Oblique Semi-Guided Waves: 2-D Integrated Photonics with Negative Effective Permittivity

          M. Hammer, L. Ebers, A. Hildebrandt, S. Alhaddad, J. Förstner, in: 2018 IEEE 17th International Conference on Mathematical Methods in Electromagnetic Theory (MMET), IEEE, 2018

          Semi-guided waves confined in dielectric slab waveguides are being considered for oblique angles of propagation. If the waves encounter a linear discontinuity of (mostly) arbitrary shape and extension, a variant of Snell's law applies, separately for each pair of incoming and outgoing modes. Depending on the effective indices involved, and on the angle of incidence, power transfer to specific outgoing waves can be allowed or forbidden. In particular, critical angles of incidence can be identified, beyond which any power transfer to non-guided waves is forbidden, i.e. all radiative losses are suppressed. In that case the input power is carried away from the discontinuity exclusively by reflected semi-guided waves in the input slab, or by semi-guided waves that are transmitted into other outgoing slab waveguides. Vectorial equations on a 2-D cross sectional domain apply. These are formally identical to the equations that govern the eigenmodes of 3-D channel waveguides. Here, however, these need to be solved not as an eigenvalue problem, but as an inhomogeneous problem with a right-hand-side that is given by the incoming semi-guided wave, and subject to transparent boundary conditions. The equations resemble a standard 2-D Helmholtz problem, with an effective permittivity in place of the actual relative permittivity. Depending on the properties of the incoming wave, including the angle of incidence, this effective permittivity can become locally negative, causing the suppression of propagating outgoing waves. A series of high-contrast example configurations are discussed, where these effects lead to - in some respects - quite surprising transmission characteristics.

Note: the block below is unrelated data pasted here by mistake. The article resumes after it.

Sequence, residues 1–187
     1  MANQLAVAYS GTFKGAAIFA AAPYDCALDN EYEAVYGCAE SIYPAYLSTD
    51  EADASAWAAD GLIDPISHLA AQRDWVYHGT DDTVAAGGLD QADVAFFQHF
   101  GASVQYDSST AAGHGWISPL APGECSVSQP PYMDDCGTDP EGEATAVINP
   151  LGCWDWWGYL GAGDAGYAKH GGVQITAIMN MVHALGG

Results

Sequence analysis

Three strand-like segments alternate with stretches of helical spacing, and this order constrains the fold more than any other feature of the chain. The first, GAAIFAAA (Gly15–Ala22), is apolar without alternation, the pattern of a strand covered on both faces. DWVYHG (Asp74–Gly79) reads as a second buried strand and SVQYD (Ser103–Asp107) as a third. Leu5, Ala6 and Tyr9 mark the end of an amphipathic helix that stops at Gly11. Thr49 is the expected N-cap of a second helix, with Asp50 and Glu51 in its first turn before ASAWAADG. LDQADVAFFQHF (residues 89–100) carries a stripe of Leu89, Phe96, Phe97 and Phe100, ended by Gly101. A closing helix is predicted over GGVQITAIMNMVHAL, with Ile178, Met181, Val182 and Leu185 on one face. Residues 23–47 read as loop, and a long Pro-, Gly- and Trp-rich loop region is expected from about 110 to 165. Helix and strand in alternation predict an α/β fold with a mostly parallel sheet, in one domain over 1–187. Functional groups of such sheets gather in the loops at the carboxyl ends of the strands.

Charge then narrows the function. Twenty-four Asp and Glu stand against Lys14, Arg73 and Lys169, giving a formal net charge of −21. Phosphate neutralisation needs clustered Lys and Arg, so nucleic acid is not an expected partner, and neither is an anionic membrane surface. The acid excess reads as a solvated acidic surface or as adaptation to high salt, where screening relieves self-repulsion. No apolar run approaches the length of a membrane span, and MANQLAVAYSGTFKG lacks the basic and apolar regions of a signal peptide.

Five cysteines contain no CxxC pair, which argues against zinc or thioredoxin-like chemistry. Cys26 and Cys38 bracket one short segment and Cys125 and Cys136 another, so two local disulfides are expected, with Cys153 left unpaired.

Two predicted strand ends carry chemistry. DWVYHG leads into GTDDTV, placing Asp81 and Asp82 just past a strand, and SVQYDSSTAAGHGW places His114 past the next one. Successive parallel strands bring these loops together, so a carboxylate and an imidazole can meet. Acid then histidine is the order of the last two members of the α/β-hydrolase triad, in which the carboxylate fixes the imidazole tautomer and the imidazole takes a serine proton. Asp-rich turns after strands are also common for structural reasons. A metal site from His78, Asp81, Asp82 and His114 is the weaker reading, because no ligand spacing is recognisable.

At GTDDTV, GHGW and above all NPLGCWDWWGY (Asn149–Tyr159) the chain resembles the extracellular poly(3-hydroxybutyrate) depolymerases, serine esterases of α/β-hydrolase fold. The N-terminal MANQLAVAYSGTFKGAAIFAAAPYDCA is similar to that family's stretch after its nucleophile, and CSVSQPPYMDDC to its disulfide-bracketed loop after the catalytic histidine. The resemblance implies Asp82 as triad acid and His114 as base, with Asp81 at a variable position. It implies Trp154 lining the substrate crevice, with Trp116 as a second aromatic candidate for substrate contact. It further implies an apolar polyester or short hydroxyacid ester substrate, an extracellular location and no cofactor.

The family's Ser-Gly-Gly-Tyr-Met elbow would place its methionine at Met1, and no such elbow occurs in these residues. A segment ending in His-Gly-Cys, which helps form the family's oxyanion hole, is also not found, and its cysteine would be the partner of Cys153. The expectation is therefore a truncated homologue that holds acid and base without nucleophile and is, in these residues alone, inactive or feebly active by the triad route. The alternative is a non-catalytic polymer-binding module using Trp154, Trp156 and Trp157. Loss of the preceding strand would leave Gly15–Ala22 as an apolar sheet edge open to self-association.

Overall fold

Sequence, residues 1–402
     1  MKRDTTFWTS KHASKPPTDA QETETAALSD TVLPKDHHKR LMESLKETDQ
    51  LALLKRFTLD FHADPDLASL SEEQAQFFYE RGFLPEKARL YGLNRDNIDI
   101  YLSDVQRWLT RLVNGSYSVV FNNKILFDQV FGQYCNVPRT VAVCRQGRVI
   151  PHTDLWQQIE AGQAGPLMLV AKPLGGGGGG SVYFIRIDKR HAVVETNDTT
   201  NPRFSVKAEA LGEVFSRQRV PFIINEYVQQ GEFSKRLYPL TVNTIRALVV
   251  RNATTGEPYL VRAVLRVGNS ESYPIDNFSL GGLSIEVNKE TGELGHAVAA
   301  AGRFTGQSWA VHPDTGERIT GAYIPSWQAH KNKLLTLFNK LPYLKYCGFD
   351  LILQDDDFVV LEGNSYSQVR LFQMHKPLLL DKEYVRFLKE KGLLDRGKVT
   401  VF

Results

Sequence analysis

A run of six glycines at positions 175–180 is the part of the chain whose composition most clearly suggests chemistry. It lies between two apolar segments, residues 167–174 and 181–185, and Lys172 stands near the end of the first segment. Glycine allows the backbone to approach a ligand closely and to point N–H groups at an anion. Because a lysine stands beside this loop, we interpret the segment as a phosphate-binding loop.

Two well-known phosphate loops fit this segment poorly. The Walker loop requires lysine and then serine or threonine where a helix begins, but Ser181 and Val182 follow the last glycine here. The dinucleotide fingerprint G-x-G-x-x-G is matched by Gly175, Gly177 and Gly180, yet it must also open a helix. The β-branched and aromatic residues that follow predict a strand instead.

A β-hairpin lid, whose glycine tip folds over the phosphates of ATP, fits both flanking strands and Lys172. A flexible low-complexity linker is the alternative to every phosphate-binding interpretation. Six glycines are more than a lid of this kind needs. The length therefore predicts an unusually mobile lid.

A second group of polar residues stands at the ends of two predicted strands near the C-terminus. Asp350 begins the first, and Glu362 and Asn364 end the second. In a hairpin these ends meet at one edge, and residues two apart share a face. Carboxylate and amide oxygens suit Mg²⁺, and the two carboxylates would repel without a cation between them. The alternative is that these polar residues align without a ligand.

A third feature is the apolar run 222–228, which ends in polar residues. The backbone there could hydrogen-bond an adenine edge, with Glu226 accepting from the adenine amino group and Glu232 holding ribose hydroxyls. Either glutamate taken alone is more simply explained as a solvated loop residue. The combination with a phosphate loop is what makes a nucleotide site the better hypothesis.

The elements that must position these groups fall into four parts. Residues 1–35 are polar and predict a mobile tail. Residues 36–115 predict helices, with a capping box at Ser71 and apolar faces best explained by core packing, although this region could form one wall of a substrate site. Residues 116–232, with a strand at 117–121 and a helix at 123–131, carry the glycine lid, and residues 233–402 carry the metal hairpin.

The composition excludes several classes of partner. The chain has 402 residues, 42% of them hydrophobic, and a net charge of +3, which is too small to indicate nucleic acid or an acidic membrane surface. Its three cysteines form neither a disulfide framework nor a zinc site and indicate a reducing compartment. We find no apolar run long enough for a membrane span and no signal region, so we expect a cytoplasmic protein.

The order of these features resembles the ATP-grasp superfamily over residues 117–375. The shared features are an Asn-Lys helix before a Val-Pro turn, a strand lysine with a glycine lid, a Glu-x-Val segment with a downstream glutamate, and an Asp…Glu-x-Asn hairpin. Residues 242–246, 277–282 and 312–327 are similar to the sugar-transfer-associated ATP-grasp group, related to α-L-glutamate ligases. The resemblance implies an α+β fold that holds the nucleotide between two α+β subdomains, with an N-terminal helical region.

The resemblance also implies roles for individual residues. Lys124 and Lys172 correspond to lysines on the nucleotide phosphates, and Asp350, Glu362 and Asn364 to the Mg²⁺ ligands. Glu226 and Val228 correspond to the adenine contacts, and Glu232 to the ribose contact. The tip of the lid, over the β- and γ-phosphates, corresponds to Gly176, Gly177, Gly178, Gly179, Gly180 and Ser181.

Oblique incidence of semi-guided planar waves on slab waveguide steps: effects of rounded edges